One thing neither likes during game week is anything they consider nonsense _ a distraction to the one and only goal of a victory.
The Harbaughs can be dismissive. They’re known to sneer or blow off questions altogether when it comes to injuries or any other tidbit that might give an opponent insight or a possible advantage _ perceived or otherwise.
Jim Harbaugh had a roster full of playoff first-timers going into last Saturday’s win.
His message: “Don’t overcook it.” Translation: Stick with what got you here.
John Harbaugh has a postseason-tested roster of men who have been in the big games before. Ray Lewis is still around from the 2001 Super Bowl champion team.
Both possess a laser-like football focus and find unique ways to motivate.
“When he gets fired up, it’s fire and brimstone,” Ravens linebacker Jarret Johnson said of John. “But for the most part, he reads a lot. He draws a lot from the military. We get a lot of poetry. He uses a lot of different analogies and stuff. I would say he’s all over the place. He’s a rah-rah guy when he needs to be, and he’s also very subtle. Maybe a Shakespeare speech, something like that. He draws inspiration from everywhere.”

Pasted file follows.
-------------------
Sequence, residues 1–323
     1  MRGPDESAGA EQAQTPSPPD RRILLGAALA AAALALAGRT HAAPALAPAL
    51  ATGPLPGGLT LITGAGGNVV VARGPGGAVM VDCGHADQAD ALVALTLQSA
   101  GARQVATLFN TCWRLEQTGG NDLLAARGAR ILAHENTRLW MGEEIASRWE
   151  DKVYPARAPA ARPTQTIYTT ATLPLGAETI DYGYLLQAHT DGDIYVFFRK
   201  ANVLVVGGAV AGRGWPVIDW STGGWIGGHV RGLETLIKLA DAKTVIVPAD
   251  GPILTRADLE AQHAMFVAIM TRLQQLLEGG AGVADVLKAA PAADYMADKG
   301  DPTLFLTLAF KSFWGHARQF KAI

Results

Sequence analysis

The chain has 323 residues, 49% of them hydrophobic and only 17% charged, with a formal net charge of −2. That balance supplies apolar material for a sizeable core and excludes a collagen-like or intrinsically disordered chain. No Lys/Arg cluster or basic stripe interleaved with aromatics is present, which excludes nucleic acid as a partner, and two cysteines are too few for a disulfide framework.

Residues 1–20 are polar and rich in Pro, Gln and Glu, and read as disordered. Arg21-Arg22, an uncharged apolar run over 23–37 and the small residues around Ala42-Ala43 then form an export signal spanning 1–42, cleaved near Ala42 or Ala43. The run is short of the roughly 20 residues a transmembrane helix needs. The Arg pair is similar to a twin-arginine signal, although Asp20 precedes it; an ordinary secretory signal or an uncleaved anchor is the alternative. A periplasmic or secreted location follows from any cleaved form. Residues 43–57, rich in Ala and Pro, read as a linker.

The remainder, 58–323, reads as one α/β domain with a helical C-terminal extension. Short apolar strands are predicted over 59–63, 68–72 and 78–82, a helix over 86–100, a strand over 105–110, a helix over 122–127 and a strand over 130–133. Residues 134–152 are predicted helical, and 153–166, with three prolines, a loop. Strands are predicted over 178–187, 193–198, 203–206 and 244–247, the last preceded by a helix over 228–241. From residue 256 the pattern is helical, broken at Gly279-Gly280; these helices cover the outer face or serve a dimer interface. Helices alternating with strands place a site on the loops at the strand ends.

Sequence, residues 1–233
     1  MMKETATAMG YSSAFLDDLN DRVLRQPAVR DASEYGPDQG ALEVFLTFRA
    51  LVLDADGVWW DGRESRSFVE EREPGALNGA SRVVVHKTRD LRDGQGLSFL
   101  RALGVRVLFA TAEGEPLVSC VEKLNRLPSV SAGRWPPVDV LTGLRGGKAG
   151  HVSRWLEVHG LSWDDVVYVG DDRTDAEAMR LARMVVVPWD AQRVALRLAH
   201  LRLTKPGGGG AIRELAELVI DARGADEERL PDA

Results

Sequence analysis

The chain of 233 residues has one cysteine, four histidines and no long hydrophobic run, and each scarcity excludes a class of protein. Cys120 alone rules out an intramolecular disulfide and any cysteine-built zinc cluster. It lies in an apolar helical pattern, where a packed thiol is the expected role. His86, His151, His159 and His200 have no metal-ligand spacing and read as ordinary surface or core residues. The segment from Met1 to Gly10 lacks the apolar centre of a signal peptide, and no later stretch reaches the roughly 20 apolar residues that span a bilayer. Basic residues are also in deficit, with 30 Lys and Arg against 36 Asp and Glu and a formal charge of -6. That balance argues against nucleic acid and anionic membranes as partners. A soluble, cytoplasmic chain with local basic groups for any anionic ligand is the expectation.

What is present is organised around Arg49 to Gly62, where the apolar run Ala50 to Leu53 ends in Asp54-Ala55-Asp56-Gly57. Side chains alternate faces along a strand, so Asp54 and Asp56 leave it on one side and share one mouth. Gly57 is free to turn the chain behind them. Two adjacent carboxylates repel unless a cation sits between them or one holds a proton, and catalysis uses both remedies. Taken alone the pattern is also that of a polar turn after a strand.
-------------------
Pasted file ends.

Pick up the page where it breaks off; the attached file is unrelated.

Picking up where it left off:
“It’s really been fun to see the sayings that have really grabbed on from the blue-collar aspect,” Akers said. “A lot of this country is built on the blue-collar idea.”
Jim Harbaugh always has a story to share. From the one about his uncles who untucked their shirts after a long day’s work _ he now does the same after each victory _ to his own missed opportunity at a Super Bowl, one he figured surely would come again.
In the AFC championship game after the 1995 season, the Colts had the ball on the Steelers 29 on third-and-1, but Harbaugh’s Hail Mary throw to the end zone went through Aaron Bailey’s hands as time expired. Pittsburgh won, 20-16.
“He just tells us to give it all we have, give it all we’ve got, go out there and just fight, just fight as a team,” running back Frank Gore said. “Think about all the bad times we had here and now we have this opportunity and go take advantage of it. That’s what we’re trying to do.”
If Jim Harbaugh wins Sunday, he’ll be headed back to a city where he is still loved despite not coming through that day. His sister, Joani Crean _ whose husband coaches at Indiana _ still regularly gets stopped by strangers when she travels to Indianapolis with their stories about her brother, Jim.
During training camp, John Harbaugh talked about sharing one of those tales with his team.View Entire Story
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